British playwright Adam Macmillan’s Lungs tells the story of a ‘everyday’ couple who grapple with the idea of having a baby amidst global uncertainty. The conversation that ensues is an anxiety-ridden rollercoaster that takes viewers through multiple looming issues such as climate change, social inequity, and political unrest. Director Daniel Jenkins - who needs no introduction - sits down to share his thoughts about the play.
Staying true to Duncan Macmillan's writing style, which is non-traditional and lacks typical play elements such as scene changes, stage directions, props, and the scenery is probably the biggest challenge. All we have is the dialogue to suggest where they are.
The other challenge is allowing these two characters to be as honest and truthful as possible. Because the play is devoid of any bells and whistles, it offers the opportunity for two people to be extremely truthful in moments of emotional pressure. The actors are encouraged to be as honest as they can, and respect the emotional journeys of their respective characters.
Carefully. We've been taking precautions to ensure that everyone involved in the rehearsals is safe. The team is small - there's me and my assistant director, the stage management team of two people and the two actors. All of us are masked and socially distanced when we're in the room.
It's funny because the play is about connections, yet the two characters are disconnected from each other. We've been playing with the idea of amplifying that disconnection not just physically but emotionally as well, in terms of blocking and staging.
In the rehearsal room: Director Daniel Jenkins with actors Oon Shu An and Joshua Lim
Duncan Macmillan has written these characters to represent every man and woman, so he hasn't given them names, just initials. So the play and characters deal with issues familiar to modern audiences. It covers relationships, connections, and how we are attempting to relate to one another in a world that is chaotic and upsetting.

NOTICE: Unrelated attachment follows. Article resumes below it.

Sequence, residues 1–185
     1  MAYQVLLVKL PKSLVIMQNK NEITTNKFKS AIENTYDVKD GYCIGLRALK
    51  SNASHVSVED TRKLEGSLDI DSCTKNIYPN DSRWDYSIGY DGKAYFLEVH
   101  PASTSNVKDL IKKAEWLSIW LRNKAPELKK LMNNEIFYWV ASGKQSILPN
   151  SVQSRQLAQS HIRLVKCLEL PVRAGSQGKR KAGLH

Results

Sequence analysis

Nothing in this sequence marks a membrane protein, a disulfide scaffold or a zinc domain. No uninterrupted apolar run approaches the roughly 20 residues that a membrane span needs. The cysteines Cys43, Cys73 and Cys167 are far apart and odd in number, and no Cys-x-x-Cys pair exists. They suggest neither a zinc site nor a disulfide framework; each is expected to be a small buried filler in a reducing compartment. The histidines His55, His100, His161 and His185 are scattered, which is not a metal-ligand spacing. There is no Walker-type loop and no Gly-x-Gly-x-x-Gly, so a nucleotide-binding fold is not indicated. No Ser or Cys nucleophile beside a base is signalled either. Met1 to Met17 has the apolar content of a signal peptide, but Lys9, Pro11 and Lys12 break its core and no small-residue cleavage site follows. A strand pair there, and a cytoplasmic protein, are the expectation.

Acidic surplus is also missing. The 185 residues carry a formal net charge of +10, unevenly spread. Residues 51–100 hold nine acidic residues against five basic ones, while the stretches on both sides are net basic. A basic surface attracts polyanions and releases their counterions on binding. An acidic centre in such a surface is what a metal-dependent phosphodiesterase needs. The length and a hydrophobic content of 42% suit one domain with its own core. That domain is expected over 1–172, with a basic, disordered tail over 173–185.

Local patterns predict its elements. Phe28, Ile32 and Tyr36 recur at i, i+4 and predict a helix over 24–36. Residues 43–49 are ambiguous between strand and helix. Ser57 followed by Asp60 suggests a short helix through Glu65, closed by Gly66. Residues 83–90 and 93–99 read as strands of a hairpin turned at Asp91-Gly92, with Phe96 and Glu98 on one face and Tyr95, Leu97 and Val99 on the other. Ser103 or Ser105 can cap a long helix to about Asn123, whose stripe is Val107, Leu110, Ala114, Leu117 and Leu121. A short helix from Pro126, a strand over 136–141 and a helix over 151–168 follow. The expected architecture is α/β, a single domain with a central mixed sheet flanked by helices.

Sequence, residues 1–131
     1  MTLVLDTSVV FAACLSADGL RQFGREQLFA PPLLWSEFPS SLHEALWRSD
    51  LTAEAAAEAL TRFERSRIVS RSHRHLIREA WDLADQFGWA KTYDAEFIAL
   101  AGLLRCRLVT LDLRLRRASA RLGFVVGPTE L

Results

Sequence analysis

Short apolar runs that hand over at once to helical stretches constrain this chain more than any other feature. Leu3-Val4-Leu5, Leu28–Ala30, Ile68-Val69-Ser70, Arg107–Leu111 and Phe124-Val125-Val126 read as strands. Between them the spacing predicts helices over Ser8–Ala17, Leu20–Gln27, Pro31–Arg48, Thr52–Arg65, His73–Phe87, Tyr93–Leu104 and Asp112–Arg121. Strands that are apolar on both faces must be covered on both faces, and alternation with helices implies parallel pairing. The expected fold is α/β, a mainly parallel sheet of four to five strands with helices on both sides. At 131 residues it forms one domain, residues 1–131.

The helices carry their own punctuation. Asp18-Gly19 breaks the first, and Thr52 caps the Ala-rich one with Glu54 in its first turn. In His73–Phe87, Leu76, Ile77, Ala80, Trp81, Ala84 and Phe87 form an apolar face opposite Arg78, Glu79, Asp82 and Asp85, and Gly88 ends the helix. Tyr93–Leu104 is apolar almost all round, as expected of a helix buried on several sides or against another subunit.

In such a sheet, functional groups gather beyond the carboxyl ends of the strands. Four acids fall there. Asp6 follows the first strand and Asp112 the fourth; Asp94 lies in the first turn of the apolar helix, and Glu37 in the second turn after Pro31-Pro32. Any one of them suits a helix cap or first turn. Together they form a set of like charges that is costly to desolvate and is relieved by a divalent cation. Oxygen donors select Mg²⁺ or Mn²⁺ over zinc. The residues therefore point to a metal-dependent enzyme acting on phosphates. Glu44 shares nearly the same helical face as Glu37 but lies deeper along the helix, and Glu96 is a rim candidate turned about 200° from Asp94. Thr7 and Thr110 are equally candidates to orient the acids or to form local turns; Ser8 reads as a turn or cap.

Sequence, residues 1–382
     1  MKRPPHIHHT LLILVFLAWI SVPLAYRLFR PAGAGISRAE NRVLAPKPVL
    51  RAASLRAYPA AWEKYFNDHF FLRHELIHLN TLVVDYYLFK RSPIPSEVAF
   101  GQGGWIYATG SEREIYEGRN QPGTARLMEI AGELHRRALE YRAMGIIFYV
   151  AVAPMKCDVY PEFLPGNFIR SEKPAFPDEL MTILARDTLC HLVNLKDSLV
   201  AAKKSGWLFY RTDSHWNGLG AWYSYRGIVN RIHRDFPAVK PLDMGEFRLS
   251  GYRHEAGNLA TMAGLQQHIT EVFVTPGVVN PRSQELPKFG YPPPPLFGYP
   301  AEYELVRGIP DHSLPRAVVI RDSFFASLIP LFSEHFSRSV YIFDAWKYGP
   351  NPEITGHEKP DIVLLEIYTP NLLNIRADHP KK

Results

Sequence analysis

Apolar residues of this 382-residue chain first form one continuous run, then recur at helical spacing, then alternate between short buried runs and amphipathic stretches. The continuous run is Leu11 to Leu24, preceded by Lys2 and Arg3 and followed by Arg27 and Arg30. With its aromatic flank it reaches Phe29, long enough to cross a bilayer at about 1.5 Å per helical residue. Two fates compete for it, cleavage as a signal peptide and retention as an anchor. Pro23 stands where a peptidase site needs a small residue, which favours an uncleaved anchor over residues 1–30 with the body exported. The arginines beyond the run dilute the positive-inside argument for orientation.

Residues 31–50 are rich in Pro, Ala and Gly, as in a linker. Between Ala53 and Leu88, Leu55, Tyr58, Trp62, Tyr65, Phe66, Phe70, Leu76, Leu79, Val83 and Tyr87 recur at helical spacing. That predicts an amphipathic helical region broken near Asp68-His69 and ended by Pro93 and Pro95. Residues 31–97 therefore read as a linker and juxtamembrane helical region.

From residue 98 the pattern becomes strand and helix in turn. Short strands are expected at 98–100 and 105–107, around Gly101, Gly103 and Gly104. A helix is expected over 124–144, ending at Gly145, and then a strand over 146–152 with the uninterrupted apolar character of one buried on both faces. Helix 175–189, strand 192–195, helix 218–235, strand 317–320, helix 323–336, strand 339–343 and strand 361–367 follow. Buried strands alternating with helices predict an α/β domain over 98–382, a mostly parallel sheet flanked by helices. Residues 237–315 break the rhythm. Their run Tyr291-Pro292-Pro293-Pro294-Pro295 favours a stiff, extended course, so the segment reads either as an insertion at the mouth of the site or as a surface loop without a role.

It touches on how young people are forced to live with an incredible amount of anxiety.
The environment is also a major theme. The couple discusses having a baby, how that would impact the planet in terms of emissions, and whether or not bringing a child into this tumultuous world would be the morally right thing.
The older you get, the more people think you know what you’re doing. The truth is, everyone is winging it. There isn’t a guide explaining how to do stuff and how to live.
Life is about trial and error. I’m a great believer in trying not to have regrets because there’s nothing you can do about all these “what ifs” - “what if this happens, what if I decided to do that”. You could spend your whole life worrying about the “what ifs”, but it won’t change anything.
Learn to embrace the decisions you make, whether they’re the right ones or not. Sometimes, things do not end up the way you want, and you can’t go back in time and make it work. You have to keep your fingers crossed and hope you’re on the right path.
If you’re going through a tough decision, talk to someone about it. Miscommunication and misunderstandings often arise because couples don’t talk about and aren’t open or honest with each other.
The couple in this play try so hard to understand each other and do what they think is the right thing. However, there are so many moments where they miss each other or get the wrong end of the stick and respond differently.
So, you need to communicate and be open with each other, even if it's difficult or painful to talk about these things. It's about empathising with the other person and taking stock of the whole situation, rather than deciding based solely on what you want.
Featuring Oon Shu An and Joshua Lim, Lungs runs at KC Arts Centre 19th June onwards. Click here to book your tickets.
Published on: 09-06-2021
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